The California woman who gave birth to octuplets last Monday is now revealed to be the mother of six other children. What’s more, they are alleged to be living with her and her parents, and not a father in sight—except the grandfather of the (now fourteen) little ones.
Ah, but who are we to judge? Here are two quotes from doctors not directly involved with the case:
Doctors say they advise against higher-order births, but acknowledge the decision is not theirs to make.
“Who am I to say that six is the limit?” said Dr. Jeffrey Steinberg, medical director of Fertility Institutes, which has clinics in Los Angeles, Las Vegas and New York City. “There are people who like to have big families.”
Dr. James Grifo, professor of obstetrics and gynecology at the NYU School of Medicine, added: “I don’t think it’s our job to tell them how many babies they’re allowed to have. I am not a policeman for reproduction in the United States. My role is to educate patients.”
I agree with the doctors that they are not the reproductive police. Nor should they force parents who are carrying more than one fetus—even as many as eight, as this woman was—to selectively abort. And don’t get me wrong; I wish the mother, her babies, and in fact all her children (not to mention the grandparents, who probably have a bit of babysitting ahead of them) well.
But although not “police,” doctors make ethical and practical judgments about elective medical treatments all the time (in practice, they even make judgments about life-saving treatments, although they’re supposed to leave that to the patients). To my way of thinking, these two questions should have at least been asked by the doctors: (1) should fertility treatments be given to single parents?; and (2) should fertility treatments be given to people with six children? My answers would have been “yes, under certain circumstances” to question (1) (the circumstances would include age of parent, resources, and emotional health of parent); and “no” to question (2).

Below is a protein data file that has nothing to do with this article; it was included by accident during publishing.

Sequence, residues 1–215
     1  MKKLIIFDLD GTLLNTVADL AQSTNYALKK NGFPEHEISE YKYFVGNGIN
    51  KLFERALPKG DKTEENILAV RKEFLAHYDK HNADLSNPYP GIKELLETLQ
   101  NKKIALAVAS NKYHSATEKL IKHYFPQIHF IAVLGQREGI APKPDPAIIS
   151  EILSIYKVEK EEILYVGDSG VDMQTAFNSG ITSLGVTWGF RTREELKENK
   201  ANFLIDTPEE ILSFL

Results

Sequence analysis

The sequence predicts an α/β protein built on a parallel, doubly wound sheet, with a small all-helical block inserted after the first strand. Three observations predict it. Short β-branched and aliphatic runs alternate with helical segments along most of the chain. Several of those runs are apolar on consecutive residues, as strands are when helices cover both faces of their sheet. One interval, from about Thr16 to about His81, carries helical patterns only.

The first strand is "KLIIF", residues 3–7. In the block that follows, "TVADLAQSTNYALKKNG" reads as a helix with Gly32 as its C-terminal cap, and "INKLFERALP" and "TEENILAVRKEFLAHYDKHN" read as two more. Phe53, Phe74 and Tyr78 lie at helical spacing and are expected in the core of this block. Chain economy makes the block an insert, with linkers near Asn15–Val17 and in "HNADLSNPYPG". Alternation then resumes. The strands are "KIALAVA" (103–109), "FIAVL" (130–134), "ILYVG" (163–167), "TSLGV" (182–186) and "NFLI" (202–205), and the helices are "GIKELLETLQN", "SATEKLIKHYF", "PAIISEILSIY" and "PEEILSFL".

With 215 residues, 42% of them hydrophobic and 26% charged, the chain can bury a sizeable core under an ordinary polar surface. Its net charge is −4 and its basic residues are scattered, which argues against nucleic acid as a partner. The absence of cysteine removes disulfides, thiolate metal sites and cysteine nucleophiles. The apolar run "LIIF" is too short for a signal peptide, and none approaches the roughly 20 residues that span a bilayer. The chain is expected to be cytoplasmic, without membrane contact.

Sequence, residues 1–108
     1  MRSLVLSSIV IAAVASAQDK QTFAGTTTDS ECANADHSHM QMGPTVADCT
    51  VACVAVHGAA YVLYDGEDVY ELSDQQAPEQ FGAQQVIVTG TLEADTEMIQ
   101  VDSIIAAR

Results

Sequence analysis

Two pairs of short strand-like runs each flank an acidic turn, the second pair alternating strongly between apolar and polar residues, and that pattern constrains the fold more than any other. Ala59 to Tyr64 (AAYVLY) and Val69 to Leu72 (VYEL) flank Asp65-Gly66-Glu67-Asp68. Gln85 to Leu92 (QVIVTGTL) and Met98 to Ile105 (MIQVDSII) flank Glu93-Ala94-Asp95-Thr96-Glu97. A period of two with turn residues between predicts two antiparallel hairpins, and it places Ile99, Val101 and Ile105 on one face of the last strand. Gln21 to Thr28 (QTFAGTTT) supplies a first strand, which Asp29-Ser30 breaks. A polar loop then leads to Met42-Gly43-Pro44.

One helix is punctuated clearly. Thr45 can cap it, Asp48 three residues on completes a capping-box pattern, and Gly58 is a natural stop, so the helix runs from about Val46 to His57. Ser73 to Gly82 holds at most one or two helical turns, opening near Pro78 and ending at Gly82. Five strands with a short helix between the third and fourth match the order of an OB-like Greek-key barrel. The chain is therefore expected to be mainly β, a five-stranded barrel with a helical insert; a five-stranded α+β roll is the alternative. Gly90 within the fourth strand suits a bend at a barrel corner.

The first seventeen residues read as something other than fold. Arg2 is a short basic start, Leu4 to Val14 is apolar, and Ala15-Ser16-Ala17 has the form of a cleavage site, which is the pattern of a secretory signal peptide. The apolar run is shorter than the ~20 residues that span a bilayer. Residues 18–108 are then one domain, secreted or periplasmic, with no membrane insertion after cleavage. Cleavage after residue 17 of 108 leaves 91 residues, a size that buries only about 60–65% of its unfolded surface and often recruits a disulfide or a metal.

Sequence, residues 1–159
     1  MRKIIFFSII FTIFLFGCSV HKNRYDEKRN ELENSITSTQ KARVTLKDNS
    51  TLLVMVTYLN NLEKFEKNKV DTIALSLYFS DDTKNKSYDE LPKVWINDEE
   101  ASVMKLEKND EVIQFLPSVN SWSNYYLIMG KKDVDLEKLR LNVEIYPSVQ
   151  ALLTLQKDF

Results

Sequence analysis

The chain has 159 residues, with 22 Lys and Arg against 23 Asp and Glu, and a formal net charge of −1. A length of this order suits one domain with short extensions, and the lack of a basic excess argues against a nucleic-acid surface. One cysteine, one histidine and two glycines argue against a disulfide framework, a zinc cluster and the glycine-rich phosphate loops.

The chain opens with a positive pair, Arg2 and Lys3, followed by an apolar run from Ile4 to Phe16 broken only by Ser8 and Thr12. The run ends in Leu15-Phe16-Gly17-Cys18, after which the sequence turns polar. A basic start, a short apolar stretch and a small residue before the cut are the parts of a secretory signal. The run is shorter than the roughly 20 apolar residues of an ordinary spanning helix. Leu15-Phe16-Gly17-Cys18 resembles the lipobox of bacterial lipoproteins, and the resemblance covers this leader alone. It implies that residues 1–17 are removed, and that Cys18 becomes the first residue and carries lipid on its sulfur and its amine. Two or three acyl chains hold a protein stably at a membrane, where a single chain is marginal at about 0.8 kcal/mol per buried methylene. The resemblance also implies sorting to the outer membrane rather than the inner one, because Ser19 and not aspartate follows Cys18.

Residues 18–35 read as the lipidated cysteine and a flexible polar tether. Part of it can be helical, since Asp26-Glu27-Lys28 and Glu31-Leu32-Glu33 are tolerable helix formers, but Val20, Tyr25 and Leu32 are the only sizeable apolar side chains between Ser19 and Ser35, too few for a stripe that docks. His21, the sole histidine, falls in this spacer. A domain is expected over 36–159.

We already make similar decisions about whether such parents should be allowed to adopt. And although there are huge differences between the two situations (adoption is about someone else’s biological child, and fertility treatments are about one’s own, albeit with the help of extraordinary measures), the line should be drawn somewhere on both. I’m not a pure libertarian on this issue.
Of course, there is the knotty problem of what number of children a “too-large-for-further-fertility-treatments” family would consist of. Different doctors would draw the line at different points, no doubt. But a line should be drawn, or the doctor is being irresponsible.
It’s not that I don’t have lots of sympathy for people who have trouble conceiving. Hey, I even watch “Jon and Kate Plus 8” on occasion (shh, don’t tell anyone), although I balk at “17 Kids and Counting.” The former family, however, consists of a married couple who had fertility treatments when the only children they had at home were a set of female twins. The latter is another married couple who have had all their children, multiples and singletons, the good old-fashioned way.
The behavior of both of the couples, and their doctors, seem quite defensible. I would never argue that a couple with two children at home should not be helped with having another, or that a couple should be forced to limit the number of its own naturally-conceived biological children, although I could write another article about what I think about their decisions to air their whole families on reality TV.
I can’t help but think that the current octuplet mom has been watching too much TV on The Learning Channel, as have her doctors. How else to explain their decision to help this women have more children? Doctors can set a limit somewhere, as they are supposed to do with cosmetic surgery. There is no absolute right to have either, just because one can afford it.
[NOTE: The mother is keeping mum on certain relevant questions, such as whether she had fertility treatments. But since naturally-conceived octuplets are unknown, I think we can safely assume she did.]